EPT8 Monaco: Super High Roller Bonomo turns his attention to the main
There is often an expectation that a high roller is going to be too busy to speak to you. They've probably got a yacht to burn, a Swiss bank manager to give a heart attack or a game of tennis to play with Boris Becker. I may be waiting to speak to Justin Bonomo at the break but there are probably others in line. He's probably needed by the IMF to help fund the next bout of European bond buying, Christine Lagarde nervously biting her fingernails at the end of a conference call. The Euro can wait, damn it, the PokerStars Blog needs to talk to him.
At the table Bonomo is an intimidating presence. He sits tall in his chair, body angled forward, the fulcrum of action. If someone else opens a pot it's because Bonomo has allowed them to do so. He's the Chuck Norris of the tournament poker world, just without the beard or denim vests.
Just a few days ago Bonomo was on the main stage tearing the biggest ever European buy-in tournament to shreds. The American took a six-to-one chip lead into the heads up on his way to winning the $1,640,000 first place prize, a haul which took Bonomo over the $5m live winnings mark and into 65th on the all-time money list. And that's just his live tournament wins.
As it turns out, Bonomo is accommodating, thoughtful and softly spoken, not a belligerent blunderbuss blasting out self-referential platitudes. Bonomo's been on the poker scene for some time, just not in Europe. Not for a long time anyway. You need to scroll all the way back to EPT Deauville, Season 1 to see his last EPT main event score. Brandon Schaefer took the title to claim the €144,000 first place prize and Bonomo came in fourth for €31,500, his second ever live cash. That teenager went on to tear the tournament world up scoring, if you include this week's Super High Roller, ten six-figure paydays over the last seven years. Just not really here on the European Poker Tour.
"I've probably played between ten and twelve EPTs in my life. When I was 19 I travelled around Europe playing EPTs back in Season 1 and 2. I'm pretty old. Since then I've played very few EPTs," said Bonomo, pausing briefly as a large man barrelled past us seemingly unaware that we were having a conversation.
Given his success this week in Europe, winning the Super High Roller and now going deep in the €5,000 main event, does Bonomo regret not spending more time on this side of the Atlantic?
"To be honest, the reason that I haven't played that many is because they haven't been enough big buy-ins to make it worthwhile. Now that they've changed the schedule and made it so that you can play a big buy-in event every single day, with a Super High Roller or two thrown in, it makes it so much more worth it to travel to Europe," he said.
So you're pretty much a shoe-in for next season then. Will we be seeing you in Barcelona in August?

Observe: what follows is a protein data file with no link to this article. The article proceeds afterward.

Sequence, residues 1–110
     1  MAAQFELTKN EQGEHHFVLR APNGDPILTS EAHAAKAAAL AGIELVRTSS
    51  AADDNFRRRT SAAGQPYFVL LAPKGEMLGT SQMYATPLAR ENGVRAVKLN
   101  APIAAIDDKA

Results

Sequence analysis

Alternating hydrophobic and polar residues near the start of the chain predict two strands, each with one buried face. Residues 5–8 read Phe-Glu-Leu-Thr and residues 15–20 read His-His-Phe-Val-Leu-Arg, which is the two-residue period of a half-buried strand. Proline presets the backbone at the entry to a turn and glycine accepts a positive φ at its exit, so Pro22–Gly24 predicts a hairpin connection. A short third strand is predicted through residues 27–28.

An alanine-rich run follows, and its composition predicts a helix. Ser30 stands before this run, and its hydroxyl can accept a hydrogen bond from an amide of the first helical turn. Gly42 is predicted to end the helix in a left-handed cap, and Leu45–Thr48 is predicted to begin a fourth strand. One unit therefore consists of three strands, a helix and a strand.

"Absolutely. I've only seen the schedule for Barcelona so far but it's definitely tempting enough that I'll make it out for it and if the rest of the schedules are as good I'll be playing all of them."
That's surely not great news for a lot of the other High Roller regs with Philip Gruissem, Tobias Reinkemeier and Bertrand 'ElkY' Grospellier jumping to mind. Those last two, Reinkemeier and ElkY, finished second and third respectively in this week's €100,000 event. Of the final six players (also Daniel Negreanu, Patrik Antonius and Masa Kagawa) which was Bonomo hoping to avoid heads up?
After a lengthy pause, he said: "I think that out of all the players at the table Tobias was the best player. He was probably the toughest player that I could have played heads up."
In that case, who do you think would have been the easiest opponent heads up?
"I don't think that it's really appropriate to answer that question," said Bonomo.
Quite frankly, that's the answer that I expected but I can't be blamed for asked it. Moving swiftly on.
In the last level Bonomo asked a floor person whether his table would be next to break. He was told it would be the one after next. But did he want to know because he wanted to keep the table or to get away from it?
"It was neither really. I think it's something that you should always be aware of especially when you have lot of short chip stacks at the table. You can be in charge of whether they bust or whether they chip up just a little bit. It's nice to know if the calls that you make influence the table for a long time or short time."
Most garden variety poker players wouldn't think about that, but then again most poker players don't bink €100,000 buy-in tournaments. That talent has taken Bonomo deep in this €10,000 main event where he's already got €25,000 locked (barely enough to get out of bed for). He may be below average with 280,000 and at a table with Erik Seidel but let's face it, with 46 players left you'd still expect him to make it to the final 24. He's a prodigious poker talent.
Level 20: blinds 5,000-10,000, ante 1,000
Players: 46 of 665
Average stack: 433,500
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